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If You’re Gonna “Do” Social Media, Do It!

This past week I went to a Facebook page of a nonprofit organization. I was excited to have the opportunity to engage with people there. However, when I got to the page, it was filled with posts, a few SocialMedia_Marketingcomments, but NO conversation. The organization had posted different links and pieces of information. The few people who had actually commented got no response from the organization. My reaction? What’s the point?

Organizations and businesses are being strongly encouraged to join the social media game. Many are. That’s great. But, unless folks are willing to put the time in to learn how to utilize these tools effectively, it really isn’t worth showing up. It is called “social” media for a reason. You gotta be social! That means engaging in conversation. Too many believe social media is just a broadcast medium. But if that is how you are using Twitter or Facebook or some of these other tools, you are missing out. It’s ok to tell followers/friends what you are up to. But that is just a small sliver of what you should be doing. Most of what should be happening on social media is conversational or promoting other people’s stuff.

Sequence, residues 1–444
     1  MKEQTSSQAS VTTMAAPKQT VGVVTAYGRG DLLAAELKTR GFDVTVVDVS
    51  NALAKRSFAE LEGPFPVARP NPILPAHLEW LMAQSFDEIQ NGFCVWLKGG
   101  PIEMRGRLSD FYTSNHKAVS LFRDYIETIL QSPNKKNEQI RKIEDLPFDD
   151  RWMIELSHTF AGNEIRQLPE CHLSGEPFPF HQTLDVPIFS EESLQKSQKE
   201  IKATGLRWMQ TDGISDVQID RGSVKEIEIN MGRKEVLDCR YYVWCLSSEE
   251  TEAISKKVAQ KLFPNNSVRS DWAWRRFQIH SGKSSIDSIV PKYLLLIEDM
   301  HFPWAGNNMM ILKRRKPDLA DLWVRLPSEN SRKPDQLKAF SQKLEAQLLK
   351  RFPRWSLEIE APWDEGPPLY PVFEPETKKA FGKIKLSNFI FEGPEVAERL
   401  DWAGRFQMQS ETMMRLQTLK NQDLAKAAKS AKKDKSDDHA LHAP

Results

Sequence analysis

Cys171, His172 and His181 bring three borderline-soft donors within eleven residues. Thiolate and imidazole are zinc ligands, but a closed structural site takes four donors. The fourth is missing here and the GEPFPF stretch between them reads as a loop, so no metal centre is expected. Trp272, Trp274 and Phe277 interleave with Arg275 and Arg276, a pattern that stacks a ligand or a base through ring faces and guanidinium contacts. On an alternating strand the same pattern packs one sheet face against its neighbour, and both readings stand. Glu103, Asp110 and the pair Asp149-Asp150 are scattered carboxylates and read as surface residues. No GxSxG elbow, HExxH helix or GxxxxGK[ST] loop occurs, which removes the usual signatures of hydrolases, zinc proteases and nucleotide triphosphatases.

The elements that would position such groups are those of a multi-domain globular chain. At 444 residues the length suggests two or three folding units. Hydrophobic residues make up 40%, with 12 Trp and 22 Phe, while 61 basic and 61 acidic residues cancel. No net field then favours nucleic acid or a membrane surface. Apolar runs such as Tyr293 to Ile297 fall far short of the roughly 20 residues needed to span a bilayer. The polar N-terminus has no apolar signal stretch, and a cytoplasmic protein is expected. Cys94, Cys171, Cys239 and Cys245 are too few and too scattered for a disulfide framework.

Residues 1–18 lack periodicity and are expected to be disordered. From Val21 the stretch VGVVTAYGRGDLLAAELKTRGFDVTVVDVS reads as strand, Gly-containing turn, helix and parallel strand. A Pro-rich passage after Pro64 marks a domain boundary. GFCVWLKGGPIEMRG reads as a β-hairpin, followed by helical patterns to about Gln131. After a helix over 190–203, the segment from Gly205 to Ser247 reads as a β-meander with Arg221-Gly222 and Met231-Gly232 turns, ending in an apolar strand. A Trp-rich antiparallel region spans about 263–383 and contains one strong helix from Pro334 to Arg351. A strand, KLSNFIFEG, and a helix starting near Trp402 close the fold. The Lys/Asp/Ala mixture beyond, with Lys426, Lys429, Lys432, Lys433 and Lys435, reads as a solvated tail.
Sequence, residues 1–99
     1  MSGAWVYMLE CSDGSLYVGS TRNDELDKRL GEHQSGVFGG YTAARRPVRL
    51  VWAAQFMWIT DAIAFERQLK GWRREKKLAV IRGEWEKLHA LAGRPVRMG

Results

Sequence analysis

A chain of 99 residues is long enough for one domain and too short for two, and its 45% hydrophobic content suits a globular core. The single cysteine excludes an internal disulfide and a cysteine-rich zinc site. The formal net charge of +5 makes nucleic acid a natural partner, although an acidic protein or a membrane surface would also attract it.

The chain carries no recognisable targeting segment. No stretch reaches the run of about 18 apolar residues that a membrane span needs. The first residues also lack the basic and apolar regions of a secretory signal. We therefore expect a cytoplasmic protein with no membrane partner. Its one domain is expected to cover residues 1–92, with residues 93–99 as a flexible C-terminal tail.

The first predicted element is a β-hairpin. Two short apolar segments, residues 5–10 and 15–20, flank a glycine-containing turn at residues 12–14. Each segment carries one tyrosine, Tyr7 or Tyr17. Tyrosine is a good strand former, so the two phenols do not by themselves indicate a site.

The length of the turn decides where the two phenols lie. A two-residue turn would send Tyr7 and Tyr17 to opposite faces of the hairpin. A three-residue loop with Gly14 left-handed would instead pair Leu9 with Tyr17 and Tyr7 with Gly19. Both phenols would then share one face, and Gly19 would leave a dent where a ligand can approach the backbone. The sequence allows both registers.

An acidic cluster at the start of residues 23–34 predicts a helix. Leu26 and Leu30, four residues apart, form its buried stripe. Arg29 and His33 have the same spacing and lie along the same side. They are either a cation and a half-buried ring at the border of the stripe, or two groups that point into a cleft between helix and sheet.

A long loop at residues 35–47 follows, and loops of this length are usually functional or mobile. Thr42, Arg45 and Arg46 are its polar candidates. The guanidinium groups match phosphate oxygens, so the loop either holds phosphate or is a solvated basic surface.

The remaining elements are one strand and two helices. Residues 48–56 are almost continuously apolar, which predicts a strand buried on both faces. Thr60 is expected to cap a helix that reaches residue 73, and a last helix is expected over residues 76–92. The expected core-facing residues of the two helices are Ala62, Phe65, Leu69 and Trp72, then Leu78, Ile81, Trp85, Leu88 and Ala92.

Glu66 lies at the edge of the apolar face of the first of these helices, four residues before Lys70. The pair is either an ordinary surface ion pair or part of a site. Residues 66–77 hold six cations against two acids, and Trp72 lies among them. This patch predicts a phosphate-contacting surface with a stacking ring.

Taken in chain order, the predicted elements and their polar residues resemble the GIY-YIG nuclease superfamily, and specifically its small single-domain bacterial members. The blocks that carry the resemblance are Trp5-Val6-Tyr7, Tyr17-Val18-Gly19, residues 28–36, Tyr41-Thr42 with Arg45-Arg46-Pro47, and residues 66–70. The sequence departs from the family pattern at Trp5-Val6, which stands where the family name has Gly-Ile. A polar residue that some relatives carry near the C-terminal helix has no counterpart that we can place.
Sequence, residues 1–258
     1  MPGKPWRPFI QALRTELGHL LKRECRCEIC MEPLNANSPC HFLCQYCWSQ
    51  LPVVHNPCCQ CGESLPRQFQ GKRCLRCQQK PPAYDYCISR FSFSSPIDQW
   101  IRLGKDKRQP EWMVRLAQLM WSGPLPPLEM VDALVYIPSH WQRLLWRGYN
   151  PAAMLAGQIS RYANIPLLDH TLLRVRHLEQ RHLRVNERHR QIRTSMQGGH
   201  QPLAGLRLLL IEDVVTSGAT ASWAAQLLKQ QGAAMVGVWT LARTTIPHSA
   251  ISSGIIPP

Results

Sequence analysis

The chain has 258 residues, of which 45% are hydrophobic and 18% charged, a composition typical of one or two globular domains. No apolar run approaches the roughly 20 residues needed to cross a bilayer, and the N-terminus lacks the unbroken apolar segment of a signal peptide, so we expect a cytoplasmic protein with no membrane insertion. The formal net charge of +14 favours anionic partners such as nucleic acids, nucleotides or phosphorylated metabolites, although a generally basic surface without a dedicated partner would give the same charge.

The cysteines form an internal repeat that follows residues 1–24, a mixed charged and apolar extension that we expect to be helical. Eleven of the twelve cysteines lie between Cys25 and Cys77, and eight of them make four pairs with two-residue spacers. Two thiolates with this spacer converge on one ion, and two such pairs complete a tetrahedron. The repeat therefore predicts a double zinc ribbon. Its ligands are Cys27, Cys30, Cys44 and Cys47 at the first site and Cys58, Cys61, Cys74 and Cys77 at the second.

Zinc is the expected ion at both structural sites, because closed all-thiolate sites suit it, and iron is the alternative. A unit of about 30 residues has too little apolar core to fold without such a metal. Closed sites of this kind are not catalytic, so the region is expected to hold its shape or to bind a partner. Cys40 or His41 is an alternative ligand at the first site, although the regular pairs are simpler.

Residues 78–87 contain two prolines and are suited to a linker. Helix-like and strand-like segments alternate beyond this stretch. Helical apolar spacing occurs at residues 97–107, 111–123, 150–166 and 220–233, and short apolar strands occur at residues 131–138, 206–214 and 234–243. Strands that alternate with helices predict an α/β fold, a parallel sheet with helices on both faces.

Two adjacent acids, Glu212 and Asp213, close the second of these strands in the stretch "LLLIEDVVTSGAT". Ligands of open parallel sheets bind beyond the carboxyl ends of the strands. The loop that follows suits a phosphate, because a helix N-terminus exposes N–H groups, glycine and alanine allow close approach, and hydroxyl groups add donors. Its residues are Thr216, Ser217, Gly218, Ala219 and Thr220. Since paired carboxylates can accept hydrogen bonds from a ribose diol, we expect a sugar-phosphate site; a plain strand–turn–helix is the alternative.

Megaphone speakers-453475_640Think of it this way. Imagine walking into a room filled with people. Now stand on a chair with a megaphone and start shouting about yourself. You know exactly how people would respond. They would try to ignore you or give you funny looks. Some might ask you to be quiet or even to leave. The same is true with social media. If you just shout at folks, they will block you, hide your comments, unfollow you or just plain ignore you. And they should. You are not really contributing to the conversation. Because social media isn’t about you. It is about everyone. And when you make it about you, only you, most or all of the time, you miss the whole point. And no one is really going to care what you have to say.